An analysis of infant formula manufacturers marketing exposes a multitude of ethically dishonorable practices that still proliferate today.  A feminist ethics perspective paints a nuanced picture of the industry’s exploitation of women.  In the 1970‘s, Nestle, in congruence with the industry, utilized unsavory methods to capitalize on impressionable, impoverished women (Krasny).  Nestle, seeking to maximize profit, created a need where none existed, convinced consumers the products were indispensable, and linked their products with desirable and unattainable concepts of health and prosperity (Krasny).

Over 40 years later, the formula industry still actively participates in unethical practices.   Today, the formula companies and hospitals maintain a questionably ethical symbiotic relationship (Merewood, 363).  This mutually beneficial relationship leads to continued distribution of infant formula sample packs.  This distribution prioritizes financial gain over patient care, exploits some women’s fear of inadequacy, and implies the medical endorsement of formula (Rosenberg, 290).  Furthermore, this practice indirectly infringes upon a woman’s right to choose what is best for herself and her child (Merewood, 363).   While on paper medical establishments adhere to the code, these establishments still distribute and violate the code, implicitly promote formula, and fogging a woman’s clarity and freedom of choice (Rosenberg, 290) (Kedrowski, 118).

Therefore, a feminist ethics approach to infant formula marketing and business ethics focuses on the merit of protecting a woman’s decision  (Kedrowski, 118).   This women centered approach to breastfeeding rights uncovers how industry and medical establishments discourage breastfeeding.  Furthermore, this approach seeks to highlight how women who live within these systems of oppression struggle to make choices about what is best for themselves and their children (Kedrowski, 118).  The formula industry and medical institutions must work to support a woman’s autonomy to make educated, unpressured choices.  Additionally, in light society must explore how institutionalize structures inhibit women’s capacity to make a real choice in the practical contexts of their lives (Kedrowski, 128).  Women should have a right to choose to breastfeed without ill intentioned marking that fogs and influences their choices (Kedrowski, 117).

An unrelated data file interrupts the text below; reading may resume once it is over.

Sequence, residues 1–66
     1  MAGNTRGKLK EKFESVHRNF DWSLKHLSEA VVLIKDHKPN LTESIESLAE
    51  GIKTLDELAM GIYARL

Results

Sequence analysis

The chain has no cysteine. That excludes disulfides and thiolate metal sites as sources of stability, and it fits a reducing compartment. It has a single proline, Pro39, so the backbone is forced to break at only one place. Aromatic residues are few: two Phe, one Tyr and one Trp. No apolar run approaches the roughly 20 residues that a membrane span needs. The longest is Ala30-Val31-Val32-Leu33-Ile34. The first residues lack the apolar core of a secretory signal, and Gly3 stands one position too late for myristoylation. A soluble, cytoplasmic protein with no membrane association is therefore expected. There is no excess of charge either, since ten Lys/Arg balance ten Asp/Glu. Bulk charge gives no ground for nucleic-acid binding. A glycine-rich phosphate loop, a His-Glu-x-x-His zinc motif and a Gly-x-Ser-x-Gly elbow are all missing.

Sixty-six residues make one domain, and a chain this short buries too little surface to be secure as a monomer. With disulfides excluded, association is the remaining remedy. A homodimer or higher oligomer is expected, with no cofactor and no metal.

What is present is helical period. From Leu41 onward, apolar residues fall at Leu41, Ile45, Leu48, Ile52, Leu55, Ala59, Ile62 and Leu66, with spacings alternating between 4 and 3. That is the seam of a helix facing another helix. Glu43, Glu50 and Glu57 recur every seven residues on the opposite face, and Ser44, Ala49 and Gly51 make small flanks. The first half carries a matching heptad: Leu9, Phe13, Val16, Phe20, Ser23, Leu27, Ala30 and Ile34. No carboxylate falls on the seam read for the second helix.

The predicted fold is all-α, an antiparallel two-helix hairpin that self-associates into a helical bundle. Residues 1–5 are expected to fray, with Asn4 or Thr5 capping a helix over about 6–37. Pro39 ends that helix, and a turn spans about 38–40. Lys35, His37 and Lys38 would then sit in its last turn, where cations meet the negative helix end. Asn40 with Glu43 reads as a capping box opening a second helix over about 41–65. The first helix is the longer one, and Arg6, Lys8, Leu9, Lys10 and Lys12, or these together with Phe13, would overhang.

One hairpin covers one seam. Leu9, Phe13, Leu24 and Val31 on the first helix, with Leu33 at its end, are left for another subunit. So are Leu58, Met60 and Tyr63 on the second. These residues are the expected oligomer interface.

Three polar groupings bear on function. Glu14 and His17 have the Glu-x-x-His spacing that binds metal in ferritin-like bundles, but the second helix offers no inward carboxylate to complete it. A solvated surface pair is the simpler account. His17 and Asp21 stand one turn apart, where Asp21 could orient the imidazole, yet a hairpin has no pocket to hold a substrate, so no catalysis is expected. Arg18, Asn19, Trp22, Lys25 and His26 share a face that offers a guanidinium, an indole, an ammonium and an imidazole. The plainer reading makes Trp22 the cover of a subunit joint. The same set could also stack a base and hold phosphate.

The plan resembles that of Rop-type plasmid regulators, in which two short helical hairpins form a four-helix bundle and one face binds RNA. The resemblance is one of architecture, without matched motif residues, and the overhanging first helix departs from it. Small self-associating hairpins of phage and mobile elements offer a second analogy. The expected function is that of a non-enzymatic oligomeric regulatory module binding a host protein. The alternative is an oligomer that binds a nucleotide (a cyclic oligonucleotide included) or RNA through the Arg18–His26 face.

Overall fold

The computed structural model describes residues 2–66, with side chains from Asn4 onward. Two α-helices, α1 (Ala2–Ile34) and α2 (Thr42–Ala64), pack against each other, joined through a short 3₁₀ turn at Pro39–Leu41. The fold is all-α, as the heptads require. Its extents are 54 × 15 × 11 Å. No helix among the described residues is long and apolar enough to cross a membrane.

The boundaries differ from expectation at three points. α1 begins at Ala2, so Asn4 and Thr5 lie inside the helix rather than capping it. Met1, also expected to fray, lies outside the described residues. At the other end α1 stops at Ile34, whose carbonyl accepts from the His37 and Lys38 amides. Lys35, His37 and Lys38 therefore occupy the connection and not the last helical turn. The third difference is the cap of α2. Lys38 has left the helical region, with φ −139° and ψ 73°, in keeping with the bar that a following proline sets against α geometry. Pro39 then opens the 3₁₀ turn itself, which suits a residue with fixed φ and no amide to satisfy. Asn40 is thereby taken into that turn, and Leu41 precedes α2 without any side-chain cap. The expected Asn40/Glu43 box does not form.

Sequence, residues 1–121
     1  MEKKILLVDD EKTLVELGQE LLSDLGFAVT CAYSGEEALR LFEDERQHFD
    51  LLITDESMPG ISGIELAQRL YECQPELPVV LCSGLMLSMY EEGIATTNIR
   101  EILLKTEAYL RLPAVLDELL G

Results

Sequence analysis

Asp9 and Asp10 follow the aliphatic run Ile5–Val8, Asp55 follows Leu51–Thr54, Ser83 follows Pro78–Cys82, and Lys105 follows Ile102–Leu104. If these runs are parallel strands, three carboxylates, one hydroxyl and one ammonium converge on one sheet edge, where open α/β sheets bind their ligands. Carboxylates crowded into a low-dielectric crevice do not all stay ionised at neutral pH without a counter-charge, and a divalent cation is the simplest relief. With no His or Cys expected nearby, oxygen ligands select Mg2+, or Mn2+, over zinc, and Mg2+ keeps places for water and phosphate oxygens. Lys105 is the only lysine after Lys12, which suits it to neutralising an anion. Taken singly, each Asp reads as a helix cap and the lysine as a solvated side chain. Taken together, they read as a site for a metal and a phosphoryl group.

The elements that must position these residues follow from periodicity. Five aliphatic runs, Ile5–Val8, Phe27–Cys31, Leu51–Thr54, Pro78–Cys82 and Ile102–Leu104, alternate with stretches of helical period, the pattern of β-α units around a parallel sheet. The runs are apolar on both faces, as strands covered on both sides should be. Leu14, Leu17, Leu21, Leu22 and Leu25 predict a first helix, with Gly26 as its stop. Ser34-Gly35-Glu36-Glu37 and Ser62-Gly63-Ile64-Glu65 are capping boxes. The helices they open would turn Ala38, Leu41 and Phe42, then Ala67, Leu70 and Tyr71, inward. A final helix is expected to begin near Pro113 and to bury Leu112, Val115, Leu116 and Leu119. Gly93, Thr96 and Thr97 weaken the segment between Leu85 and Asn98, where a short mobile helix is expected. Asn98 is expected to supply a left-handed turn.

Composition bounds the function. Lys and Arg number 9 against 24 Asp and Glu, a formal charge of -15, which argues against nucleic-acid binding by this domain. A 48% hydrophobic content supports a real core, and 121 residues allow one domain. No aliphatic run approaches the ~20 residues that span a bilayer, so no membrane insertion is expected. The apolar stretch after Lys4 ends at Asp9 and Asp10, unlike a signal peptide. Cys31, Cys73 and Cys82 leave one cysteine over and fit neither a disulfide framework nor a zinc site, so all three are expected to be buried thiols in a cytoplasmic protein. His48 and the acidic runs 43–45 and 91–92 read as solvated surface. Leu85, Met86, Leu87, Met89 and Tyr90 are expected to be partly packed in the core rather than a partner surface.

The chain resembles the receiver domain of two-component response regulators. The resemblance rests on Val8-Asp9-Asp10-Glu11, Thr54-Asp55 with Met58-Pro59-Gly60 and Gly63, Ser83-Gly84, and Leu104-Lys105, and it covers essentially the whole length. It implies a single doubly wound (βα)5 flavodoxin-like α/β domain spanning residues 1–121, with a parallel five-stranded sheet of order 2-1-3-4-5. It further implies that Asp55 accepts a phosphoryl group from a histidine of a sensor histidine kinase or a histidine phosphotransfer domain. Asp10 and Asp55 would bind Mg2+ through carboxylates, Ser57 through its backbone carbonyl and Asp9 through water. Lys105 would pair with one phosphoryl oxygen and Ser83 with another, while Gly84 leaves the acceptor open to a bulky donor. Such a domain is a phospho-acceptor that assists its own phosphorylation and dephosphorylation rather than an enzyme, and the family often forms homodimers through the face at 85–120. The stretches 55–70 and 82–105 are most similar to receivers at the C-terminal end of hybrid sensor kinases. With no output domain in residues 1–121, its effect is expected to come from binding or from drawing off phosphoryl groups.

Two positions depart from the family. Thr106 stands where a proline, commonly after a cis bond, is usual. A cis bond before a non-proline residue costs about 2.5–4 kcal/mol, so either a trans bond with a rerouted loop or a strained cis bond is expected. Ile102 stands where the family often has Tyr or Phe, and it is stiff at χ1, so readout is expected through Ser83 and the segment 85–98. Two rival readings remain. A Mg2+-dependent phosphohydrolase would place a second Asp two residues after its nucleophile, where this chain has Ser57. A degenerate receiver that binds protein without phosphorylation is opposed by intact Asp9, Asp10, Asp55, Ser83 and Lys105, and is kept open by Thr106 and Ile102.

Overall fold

Works Cited

Krasny, Jill. “Every Parent Should Know The Scandalous History Of Infant Formula.”

Business Insider. Business Insider, Inc., 25 June 2012. Web. 29 Oct. 2013.

Merewood, Anne, Grossman, Xena, Cook, John, Sadacharan, Radha, Singleton, Marcella, Peters, Karen, Navidi, Tina. “US Hospitals Violate WHO Policy on the Distribution of Formula Sample Packs: Results of a National Survey.” Journal of Human Lactation 26.4 (2010): 363-7. Print.

Rosenberg KD, Eastham CA, Kasehagen LJ, Sandoval AP. “Marketing Infant Formula through Hospitals: The Impact of Commercial Hospital Discharge Packs on Breastfeeding.” American Journal of Public Health 98.2 (2008): 290-5. Print.

Schwab, Michael G. “Mechanical Milk: An Essay on the Social History of Infant Formula.” Childhood: A Global Journal of Child Research 3.4 (1996): 479-97. Print.

Waterston T, Tumwine J. “Monitoring the Marketing of Infant Formula Feeds.” BMJ

 (Clinical research ed.) 326.7381 (2003): 113-4. Print